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Author Topic: Tension Joinery  (Read 323 times)

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Offline barasingha

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Tension Joinery
« on: September 14, 2021, 03:28:53 PM »
I have never seen a tension joint made like attaching an axe head and handle by way of a wedge... Why?

If a joint was designed that way would compression perpendicular to the grain be used instead of shear parallel?

Offline JRWoodchuck

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Re: Tension Joinery
« Reply #1 on: September 14, 2021, 07:20:02 PM »
There is a lot of wedged mortise and tenon joinery in Japanese timber framing. I know they use that style because itís more conducive for all the earth quakes they have. 
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Offline doc henderson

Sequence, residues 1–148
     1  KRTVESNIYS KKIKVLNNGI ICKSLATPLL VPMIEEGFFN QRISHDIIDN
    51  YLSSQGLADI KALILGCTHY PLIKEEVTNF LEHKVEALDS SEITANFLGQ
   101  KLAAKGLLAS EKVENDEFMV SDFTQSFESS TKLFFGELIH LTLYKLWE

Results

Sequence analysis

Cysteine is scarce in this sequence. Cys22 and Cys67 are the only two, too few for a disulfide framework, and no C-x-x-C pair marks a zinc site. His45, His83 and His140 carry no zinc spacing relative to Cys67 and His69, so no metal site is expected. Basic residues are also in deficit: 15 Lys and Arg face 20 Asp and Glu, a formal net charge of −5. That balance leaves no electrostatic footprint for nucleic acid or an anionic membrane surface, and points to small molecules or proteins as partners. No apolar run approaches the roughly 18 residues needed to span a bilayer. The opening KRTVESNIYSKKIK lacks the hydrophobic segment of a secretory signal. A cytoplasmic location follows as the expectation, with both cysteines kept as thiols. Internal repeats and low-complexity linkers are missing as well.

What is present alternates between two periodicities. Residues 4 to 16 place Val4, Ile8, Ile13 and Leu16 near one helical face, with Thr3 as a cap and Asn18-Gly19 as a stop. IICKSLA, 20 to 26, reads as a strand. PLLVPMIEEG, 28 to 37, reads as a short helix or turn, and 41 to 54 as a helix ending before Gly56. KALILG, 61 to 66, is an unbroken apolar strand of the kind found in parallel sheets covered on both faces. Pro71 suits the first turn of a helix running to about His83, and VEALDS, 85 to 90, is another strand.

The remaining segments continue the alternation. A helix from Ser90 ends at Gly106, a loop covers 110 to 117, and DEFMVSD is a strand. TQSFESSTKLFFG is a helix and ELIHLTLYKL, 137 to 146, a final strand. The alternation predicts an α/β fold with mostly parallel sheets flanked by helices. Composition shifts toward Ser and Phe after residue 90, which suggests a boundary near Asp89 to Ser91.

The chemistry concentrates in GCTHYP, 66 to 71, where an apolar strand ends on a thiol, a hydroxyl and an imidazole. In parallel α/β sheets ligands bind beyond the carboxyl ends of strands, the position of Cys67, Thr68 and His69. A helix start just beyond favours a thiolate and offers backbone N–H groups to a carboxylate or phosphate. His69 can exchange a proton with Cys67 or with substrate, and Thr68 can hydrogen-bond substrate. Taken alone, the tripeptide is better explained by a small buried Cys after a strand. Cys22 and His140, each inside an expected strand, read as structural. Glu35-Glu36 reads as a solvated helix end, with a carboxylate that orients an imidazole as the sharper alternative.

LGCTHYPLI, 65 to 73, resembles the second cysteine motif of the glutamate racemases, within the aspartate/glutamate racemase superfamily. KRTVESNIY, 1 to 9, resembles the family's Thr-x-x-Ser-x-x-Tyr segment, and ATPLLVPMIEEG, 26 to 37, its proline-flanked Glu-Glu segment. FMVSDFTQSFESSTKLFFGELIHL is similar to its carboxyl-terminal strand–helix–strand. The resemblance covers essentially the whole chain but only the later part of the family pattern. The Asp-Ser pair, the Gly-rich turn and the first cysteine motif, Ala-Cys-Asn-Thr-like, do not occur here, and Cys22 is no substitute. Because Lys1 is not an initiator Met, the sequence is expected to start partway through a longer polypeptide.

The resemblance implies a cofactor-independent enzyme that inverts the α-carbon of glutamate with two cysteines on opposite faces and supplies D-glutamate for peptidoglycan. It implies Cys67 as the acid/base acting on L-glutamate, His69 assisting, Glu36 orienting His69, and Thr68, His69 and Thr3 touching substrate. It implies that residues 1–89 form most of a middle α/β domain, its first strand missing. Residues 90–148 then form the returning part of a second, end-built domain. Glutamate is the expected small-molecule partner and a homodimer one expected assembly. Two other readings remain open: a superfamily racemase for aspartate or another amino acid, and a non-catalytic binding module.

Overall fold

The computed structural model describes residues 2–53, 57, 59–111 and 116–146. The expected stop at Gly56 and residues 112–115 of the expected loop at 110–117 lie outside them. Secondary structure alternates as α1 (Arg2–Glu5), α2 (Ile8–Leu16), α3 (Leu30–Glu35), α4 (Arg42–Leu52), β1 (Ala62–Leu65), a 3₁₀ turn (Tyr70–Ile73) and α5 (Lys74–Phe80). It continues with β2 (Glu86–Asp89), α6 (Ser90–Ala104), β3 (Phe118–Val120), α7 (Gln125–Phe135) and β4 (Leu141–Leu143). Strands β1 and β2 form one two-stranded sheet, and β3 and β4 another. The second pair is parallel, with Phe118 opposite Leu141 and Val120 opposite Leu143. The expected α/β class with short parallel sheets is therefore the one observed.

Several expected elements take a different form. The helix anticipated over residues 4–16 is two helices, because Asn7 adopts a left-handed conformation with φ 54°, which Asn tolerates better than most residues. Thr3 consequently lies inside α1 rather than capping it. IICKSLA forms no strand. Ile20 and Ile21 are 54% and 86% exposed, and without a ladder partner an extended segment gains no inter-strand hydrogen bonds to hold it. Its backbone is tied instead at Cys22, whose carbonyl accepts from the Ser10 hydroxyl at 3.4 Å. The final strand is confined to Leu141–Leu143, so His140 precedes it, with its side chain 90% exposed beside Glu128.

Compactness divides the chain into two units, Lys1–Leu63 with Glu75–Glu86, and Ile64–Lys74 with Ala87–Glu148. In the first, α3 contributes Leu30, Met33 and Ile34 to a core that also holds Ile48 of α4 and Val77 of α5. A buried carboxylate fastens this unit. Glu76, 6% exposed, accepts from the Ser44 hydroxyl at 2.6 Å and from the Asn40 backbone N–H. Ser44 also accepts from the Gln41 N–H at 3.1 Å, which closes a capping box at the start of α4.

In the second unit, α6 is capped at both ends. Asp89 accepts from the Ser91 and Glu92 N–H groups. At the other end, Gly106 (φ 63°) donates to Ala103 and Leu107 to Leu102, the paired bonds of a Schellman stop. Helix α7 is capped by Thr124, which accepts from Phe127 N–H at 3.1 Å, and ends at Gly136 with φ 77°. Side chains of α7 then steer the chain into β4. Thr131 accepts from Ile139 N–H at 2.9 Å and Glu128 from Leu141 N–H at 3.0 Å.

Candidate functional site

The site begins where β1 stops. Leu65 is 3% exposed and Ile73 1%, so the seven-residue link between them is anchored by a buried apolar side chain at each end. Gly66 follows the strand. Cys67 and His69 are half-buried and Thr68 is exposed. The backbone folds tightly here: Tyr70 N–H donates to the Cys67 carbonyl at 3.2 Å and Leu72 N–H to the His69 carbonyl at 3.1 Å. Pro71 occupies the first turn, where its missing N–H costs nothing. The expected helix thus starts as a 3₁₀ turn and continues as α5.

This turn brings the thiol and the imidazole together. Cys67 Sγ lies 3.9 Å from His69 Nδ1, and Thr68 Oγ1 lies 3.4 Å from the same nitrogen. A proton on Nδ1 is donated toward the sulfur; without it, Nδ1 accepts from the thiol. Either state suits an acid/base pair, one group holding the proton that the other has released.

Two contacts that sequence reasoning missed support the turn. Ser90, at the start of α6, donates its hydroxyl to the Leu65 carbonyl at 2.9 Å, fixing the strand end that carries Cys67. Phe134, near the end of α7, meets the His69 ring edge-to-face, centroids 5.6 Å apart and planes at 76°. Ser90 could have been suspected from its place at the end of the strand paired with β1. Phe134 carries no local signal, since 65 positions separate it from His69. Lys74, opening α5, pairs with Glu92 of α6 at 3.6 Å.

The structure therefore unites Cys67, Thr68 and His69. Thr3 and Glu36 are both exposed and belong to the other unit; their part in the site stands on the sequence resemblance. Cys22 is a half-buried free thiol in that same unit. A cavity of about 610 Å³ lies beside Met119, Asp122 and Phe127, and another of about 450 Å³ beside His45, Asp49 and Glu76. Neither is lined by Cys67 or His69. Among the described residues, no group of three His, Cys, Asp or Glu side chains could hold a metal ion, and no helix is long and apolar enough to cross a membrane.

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Re: Tension Joinery
« Reply #2 on: September 15, 2021, 10:56:57 AM »
I have used blind end wedges on bench legs that were a little loose.  I only use them when needed as they add some complexity.  measuring, calculating and some good old fashioned luck.  I used glue and drove in the tenon and the blind back of the mortice pushes the wedge into the slot as it expands the end.  so if the length of the slot or wedge are off relative to the slack in the mortice, then you cannot get it out for another try.  not to mention estimating the slot width and angle of the wedge.
timberking B 2000, 277c track loader, PJ 32 foot gooseneck, 1976 F700 state dump truck, JD 850 tractor.  2007 Chevy 3500HD dually, home built log splitter 18 horse 28 gpm with 5 inch cylinder and 32 inch split range with conveyor 12 volt tarp motor

Offline ajsawyer

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Re: Tension Joinery
« Reply #3 on: September 21, 2021, 01:39:49 PM »
I believe the standard for tie beams is the wedged half dovetail: https://www.youtube.com/watch?v=IDKSoCeO8ps&t=310s

If you're interested in timber framing, I highly recommend Steve Chappell's book A Timber Framer's Workshop


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